In order to function properly, Ras must be plasma membrane bound via a series of post-translational modifications leading to the attachment of a farnesyl group to the protein. The enzyme farnesyl transferase is required for this process. The farnesyl protein transferase inhibitors (FTIs) tipifarnib (Zarnestra™, R115777) and lonafarnib (Sarasar®, SCH 66336) were developed to target Ras, although their anti-tumor effect is likely also due to inhibition of other farnesylated proteins, such as the Rho family GTPases. FTIs showed early promise in the treatment of JMML, AML, and MDS,[97-100] although their more recent development has lagged.

Purine nucleoside analogues

Nucleoside analogues, Cladribine (2-CDA, Leustatin®), fludarabine (Fludara®), and clofarabine (Clolar®) are used commonly in patients who have relapsed. Purine nucleoside analogues are similar in structure to adenosine or guanosine, but their mechanisms of action differ. Cladribine, fludarabine, and clofarabine (a second-generation purine nucleoside analog designed as a “hybrid” molecule) require intracellular phosphorylation for cytotoxicity, through the inhibition DNA polymerases and/or ribonucleotide reductase, leading to apoptosis.[101, 102]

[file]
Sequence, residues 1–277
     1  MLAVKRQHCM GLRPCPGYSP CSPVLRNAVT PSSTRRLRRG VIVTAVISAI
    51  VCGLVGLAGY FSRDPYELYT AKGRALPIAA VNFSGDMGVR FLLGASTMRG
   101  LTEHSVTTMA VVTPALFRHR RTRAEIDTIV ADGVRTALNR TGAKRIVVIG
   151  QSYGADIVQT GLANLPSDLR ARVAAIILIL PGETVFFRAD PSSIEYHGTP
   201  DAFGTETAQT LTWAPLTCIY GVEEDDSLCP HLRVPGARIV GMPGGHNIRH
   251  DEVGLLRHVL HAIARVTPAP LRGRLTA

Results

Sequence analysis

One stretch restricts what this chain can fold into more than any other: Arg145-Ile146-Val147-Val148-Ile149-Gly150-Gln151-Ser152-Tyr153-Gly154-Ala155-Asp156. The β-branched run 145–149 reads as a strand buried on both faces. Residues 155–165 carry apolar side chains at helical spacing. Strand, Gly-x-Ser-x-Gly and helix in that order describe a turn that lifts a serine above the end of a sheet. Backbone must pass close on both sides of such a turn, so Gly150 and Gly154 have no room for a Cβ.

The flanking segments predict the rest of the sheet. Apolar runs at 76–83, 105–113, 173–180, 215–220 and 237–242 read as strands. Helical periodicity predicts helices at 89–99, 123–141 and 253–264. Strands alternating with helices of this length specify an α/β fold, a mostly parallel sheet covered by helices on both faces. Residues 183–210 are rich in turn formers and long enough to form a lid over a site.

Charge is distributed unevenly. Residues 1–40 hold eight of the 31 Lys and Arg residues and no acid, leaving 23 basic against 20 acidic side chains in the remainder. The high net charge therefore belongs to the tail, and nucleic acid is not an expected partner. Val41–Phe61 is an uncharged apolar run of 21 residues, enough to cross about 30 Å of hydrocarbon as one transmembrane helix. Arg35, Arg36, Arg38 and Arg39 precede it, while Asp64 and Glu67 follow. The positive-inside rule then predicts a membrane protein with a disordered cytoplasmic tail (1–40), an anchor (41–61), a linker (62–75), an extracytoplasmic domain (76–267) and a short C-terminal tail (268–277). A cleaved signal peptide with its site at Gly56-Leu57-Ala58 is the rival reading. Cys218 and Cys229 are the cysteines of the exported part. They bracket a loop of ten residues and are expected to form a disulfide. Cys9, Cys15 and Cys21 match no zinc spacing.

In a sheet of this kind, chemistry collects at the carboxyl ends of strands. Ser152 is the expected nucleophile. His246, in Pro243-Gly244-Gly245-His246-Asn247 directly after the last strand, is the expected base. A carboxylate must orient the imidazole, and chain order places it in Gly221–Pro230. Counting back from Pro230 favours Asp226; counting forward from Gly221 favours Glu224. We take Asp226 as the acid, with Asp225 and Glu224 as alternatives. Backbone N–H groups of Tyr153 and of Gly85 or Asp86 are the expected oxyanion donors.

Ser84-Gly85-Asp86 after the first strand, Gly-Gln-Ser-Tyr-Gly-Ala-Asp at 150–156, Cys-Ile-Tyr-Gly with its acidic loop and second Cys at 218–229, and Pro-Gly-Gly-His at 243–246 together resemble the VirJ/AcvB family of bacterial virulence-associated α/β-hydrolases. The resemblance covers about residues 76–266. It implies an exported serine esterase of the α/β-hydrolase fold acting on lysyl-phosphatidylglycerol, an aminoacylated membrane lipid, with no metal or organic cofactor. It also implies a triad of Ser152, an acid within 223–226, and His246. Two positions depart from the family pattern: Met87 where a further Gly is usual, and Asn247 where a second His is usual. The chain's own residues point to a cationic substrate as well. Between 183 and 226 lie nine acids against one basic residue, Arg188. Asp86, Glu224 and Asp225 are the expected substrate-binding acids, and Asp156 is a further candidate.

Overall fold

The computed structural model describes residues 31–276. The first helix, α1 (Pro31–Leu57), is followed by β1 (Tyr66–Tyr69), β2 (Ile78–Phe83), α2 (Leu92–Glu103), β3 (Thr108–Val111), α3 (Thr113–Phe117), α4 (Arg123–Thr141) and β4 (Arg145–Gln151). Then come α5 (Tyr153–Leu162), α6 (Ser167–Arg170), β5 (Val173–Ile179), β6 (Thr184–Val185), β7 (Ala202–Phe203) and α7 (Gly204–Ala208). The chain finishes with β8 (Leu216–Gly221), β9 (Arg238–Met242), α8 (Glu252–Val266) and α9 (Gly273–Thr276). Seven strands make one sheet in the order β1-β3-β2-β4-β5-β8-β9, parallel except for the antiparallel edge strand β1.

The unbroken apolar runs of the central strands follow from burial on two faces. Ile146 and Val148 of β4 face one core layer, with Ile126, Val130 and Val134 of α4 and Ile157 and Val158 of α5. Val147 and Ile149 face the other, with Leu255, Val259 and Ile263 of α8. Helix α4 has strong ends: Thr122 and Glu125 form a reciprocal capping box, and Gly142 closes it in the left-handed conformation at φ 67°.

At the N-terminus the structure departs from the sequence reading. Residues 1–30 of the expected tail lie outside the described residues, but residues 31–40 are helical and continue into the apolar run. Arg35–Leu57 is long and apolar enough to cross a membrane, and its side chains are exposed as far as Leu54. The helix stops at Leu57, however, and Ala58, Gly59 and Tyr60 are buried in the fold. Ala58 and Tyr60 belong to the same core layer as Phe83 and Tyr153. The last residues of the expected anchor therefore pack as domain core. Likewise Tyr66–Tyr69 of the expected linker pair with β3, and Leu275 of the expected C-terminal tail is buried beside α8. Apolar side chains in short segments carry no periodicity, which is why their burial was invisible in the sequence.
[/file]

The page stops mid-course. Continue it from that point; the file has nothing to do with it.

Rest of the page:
Purine nucleoside phosphorylase (PNP) inhibitors such as nelarabine (compound 506U78, Arranon®) and forodesine (BCX-1777, Fodosine™) are directed therapies for T-lineage disease. PNP phosphorylates 2’-deoxyguanosine (dGuo) to the guanine nucleobase and 2’-deoxyribose-1-phosphate. The rare genetic deficiency of PNP results in lymphopenia and altered T-cell immunity prompting the rational development of drug-induced PNP inhibition for the treatment of T-cell malignancies.[103, 104]

Nelarabine, a 6-prodrug of ara-G, is rapidly demethylated to the active form of ara-G. Ara-G is then intracellularly phosphorylated to ara-G triphosphate, where its accumulation leads ultimately to apoptosis. [102] Nelarabine is 10-fold more soluble, thus is more attractive clinically than ara-G.[105, 106]

Forodesine, another PNP inhibitor that has shown promise in refractory ALL, blocks intracellular deoxyguanine cleavage to guanine resulting in deoxyguanosine triphosphate accumulation leading to apoptosis.[102, 103] While both agents were initially developed for T-cell disease, forodesine also has demonstrated activity against B-lineage ALL.[107, 108]

Proteasome inhibitors